The Royal Air Force has taken delivery of its first of nine Boeing Poseidon MRA1 (P-8A) maritime patrol aircraft.
The aircraft was delivered to the RAF in Seattle, before being flown to NAS Jacksonville in Florida where RAF crews have been embedded with the US Navy to train on the P-8A.
“The arrival of the world-class Poseidon aircraft marks a step-change in the UK’s maritime patrol capability,” British Defence Secretary Ben Wallace said in a statement. “Using the world’s most advanced sensors and operating for long periods, these aircraft will transform the quality of intelligence available to our armed forces and protect our vital nuclear deterrent.”
RAF Chief of the Air Staff, Air Chief Marshal Mike Wigston added, “Poseidon is a game-changing maritime patrol aircraft, able to detect, track and if necessary destroy the most advanced submarines in the world today. With Poseidon MRA1, I am delighted and very proud that the Royal Air Force will once again have a maritime patrol force working alongside the Royal Navy, securing our seas to protect our nation”.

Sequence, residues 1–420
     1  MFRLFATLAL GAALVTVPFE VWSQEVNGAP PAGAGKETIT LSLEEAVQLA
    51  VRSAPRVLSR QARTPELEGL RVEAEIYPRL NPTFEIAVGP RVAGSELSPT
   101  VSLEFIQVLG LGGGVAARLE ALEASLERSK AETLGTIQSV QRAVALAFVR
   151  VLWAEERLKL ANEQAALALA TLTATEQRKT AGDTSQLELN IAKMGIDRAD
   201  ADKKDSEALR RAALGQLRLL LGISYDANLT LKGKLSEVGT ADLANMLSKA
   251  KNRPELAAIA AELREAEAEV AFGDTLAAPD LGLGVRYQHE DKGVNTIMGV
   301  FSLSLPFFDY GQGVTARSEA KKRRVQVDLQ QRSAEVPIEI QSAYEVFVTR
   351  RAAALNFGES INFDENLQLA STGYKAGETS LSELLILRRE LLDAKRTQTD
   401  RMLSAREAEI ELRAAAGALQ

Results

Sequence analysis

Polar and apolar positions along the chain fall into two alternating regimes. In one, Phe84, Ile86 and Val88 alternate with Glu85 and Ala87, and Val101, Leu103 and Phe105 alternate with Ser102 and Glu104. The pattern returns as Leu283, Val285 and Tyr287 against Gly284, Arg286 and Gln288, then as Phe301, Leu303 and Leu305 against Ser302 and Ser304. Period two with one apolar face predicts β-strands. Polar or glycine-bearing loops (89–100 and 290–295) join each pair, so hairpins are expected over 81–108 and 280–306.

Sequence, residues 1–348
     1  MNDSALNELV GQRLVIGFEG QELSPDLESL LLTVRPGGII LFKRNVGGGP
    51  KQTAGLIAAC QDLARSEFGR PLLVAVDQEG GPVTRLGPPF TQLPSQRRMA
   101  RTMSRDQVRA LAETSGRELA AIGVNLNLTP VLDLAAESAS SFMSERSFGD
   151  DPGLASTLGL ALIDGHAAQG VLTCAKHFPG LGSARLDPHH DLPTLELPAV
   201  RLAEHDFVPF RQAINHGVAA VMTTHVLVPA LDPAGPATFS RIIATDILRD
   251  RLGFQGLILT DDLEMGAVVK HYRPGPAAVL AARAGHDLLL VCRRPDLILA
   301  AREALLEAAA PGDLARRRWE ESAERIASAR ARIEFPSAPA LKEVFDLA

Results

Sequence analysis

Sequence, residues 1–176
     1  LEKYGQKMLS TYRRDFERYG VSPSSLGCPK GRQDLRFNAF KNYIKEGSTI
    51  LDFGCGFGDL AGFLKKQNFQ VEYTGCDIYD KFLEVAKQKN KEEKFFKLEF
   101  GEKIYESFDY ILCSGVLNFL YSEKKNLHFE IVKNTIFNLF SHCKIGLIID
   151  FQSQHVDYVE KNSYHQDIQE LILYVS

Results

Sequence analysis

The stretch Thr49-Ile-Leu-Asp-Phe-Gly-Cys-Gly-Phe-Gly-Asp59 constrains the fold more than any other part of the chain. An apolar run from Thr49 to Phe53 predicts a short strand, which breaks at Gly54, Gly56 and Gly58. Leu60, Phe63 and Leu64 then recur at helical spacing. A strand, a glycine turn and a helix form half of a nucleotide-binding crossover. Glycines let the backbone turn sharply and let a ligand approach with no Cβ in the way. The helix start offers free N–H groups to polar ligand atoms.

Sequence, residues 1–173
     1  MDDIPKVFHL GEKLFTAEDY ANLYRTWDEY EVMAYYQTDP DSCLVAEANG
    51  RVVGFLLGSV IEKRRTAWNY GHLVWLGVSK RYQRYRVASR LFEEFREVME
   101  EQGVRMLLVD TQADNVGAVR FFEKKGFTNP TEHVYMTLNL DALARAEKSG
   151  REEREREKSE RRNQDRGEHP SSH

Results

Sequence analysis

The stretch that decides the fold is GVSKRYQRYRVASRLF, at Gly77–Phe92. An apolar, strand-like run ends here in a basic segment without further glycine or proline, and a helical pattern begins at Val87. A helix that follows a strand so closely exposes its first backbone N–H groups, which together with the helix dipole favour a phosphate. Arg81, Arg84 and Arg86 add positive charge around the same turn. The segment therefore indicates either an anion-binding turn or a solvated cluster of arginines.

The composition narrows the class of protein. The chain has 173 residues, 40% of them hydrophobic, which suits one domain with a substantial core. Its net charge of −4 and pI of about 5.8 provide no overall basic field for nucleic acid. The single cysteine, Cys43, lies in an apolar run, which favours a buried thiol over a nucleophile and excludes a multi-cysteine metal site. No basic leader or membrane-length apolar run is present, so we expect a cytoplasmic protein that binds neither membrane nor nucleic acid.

The Poseidon will fill the capability gap created by the retirement of the Nimrod MR2 in 2010. Despite undergoing an extensive fuel system upgrade following the loss of a Nimrod over Afghanistan in 2006, the 11-strong MR2 fleet was retired early to free up funds for other capabilities and operations.
The MR2 was originally to be replaced with the vastly improved Nimrod MRA4, but that project was scrapped – also in 2010 – following cost and schedule blowouts, so the UK was effectively left without an airborne ASW capability for nearly a decade.
In order to retain the airborne ASW skillset, RAF crews were embedded within Australian, New Zealand, Canadian and US Navy P-3 and P-8A squadrons under Project Seedcorn, an effort to retain airborne anti-submarine skills within the RAF between the retirement of the Nimrod and the arrival of the Poseidon.